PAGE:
Data security with Agora, and Clubhouse:

  • “To ensure the security of the transmitted data, Agora services provide the encryption for audio and video data,” according to Agora’s website. However, the Agora servers do “cache the audio and video data for 10 seconds during the transmission and release all audio and video data immediately after the call.”
  • However, even if Agora does not present any data security risks, Clubhouse itself might: The app requires users to register with their real phone number, and the follower networks of users are entirely transparent. For any user who does speak up, recording their voice could also easily lead to identification, given the Chinese government’s substantial investment in voice-recognition technology

What comes next for Clubhouse in China

The scope of the crackdown appeared to include everything related to the app — from trading of invite codes on ecommerce sites and discussions about the blocking on various social media platforms.

  • On Weibo, #Clubhouse, the main hashtag associated with the app, has been censored along with other related ones such as “What is Clubhouse” (#Clubhouse是什么).
  • Invitations to join the exclusive service, which were previously sold on Taobao at prices ranging from 150 yuan ($23) to 300 yuan ($46) each, have also been taken down from the marketplace.
  • A Douban group named “Clubhouse,” a subreddit-like community that at its peak had nearly 14,000 members over the weekend, most of whom were frequent users of the service in mainland China, has been taken offline.

It’s worth noting that prior to the clampdown, there was pushback against Clubhouse from some of its Chinese users, who complained that the conversations on the platform were elitist, or even discriminatory toward those who were in favor of China’s policies regarding Xinjiang and its relations with Hong Kong and Taiwan.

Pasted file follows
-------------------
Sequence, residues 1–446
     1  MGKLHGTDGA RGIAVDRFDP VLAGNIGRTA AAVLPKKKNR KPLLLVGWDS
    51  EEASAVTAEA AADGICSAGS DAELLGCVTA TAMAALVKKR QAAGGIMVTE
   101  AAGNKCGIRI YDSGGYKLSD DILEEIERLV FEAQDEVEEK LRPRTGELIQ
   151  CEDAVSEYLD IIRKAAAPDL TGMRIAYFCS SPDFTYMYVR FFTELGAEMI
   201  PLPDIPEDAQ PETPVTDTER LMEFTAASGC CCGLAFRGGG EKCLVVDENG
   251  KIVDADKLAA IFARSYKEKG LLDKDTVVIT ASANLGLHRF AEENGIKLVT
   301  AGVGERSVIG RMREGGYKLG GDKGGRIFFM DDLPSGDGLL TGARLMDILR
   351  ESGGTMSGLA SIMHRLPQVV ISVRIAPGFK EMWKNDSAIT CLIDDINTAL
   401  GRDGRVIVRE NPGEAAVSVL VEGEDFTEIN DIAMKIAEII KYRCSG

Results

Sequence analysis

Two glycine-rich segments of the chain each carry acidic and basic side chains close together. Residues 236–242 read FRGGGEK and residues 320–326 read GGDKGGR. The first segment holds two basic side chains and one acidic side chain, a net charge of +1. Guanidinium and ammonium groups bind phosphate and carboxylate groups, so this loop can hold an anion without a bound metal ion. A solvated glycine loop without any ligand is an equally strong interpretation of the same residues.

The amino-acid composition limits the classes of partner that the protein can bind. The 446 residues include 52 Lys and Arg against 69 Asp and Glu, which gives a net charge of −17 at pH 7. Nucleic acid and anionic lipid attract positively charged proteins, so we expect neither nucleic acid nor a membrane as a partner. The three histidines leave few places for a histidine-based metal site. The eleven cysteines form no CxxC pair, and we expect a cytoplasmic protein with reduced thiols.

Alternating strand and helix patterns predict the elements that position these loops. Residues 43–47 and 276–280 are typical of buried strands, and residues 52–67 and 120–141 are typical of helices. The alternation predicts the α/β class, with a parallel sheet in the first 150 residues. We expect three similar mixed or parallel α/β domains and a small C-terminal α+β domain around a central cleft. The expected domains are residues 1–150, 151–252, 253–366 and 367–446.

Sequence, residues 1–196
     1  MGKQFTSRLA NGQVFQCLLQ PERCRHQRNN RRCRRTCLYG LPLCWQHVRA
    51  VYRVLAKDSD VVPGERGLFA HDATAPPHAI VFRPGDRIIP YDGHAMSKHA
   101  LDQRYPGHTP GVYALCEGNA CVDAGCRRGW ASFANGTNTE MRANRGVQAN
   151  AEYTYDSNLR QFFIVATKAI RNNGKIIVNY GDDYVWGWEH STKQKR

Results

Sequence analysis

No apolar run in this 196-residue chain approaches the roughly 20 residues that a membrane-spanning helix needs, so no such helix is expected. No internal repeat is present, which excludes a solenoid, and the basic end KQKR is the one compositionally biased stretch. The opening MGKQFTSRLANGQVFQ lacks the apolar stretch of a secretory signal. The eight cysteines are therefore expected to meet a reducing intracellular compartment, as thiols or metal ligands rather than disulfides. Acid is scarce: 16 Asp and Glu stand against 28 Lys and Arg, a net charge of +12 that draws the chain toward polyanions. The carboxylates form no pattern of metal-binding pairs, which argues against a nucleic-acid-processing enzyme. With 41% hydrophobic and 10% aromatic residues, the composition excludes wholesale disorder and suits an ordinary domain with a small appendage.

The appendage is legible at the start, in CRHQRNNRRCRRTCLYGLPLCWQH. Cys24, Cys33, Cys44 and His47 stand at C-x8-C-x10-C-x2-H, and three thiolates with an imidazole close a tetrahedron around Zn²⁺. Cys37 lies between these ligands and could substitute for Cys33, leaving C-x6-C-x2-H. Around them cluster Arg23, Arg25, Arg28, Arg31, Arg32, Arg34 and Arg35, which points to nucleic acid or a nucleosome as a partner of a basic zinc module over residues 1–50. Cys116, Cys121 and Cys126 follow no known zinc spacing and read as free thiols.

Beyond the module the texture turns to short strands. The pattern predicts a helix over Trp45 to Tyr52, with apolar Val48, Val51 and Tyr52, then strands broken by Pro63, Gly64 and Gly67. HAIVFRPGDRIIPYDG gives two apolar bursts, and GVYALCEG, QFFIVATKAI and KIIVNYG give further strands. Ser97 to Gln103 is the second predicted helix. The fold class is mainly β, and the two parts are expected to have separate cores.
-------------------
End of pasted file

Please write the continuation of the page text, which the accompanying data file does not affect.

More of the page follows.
• In contrast to how the service was perceived by the majority of Western journalists covering China news and Chinese people based overseas — New York Times reporter Paul Mozur tweeted that the service offered “a brief glimpse at the world as it would be if the CCP allowed Chinese to speak online unfettered” — some Chinese users said that moderators of China-related rooms, who owned the “stage” and got to control who could speak, and when, were inclined to amplify voices of China critics while dismissing arguments made by CCP defenders as nothing more than propaganda. 
  • “Judging from the way they talk on the app, there are so many young users from Hong Kong and Taiwan who have this presumption about people in Mainland China that we have limited means to get information and lack the ability to tell fake news from the truth,” a Weibo user wrote (in Chinese).

Nonetheless, there has also been mourning for Clubhouse on Chinese social media, with many saying that they would miss the app for being a “safe space” where they were able to discuss contentious topics candidly without concerns about censorship or retaliation. “It’s so touching to hear some speakers talk about their experiences in great detail. There are so many elephants in the room for us in Mainland China to discuss and Clubhouse is such a rare outlet to come by,” a Weibo user wrote (in Chinese).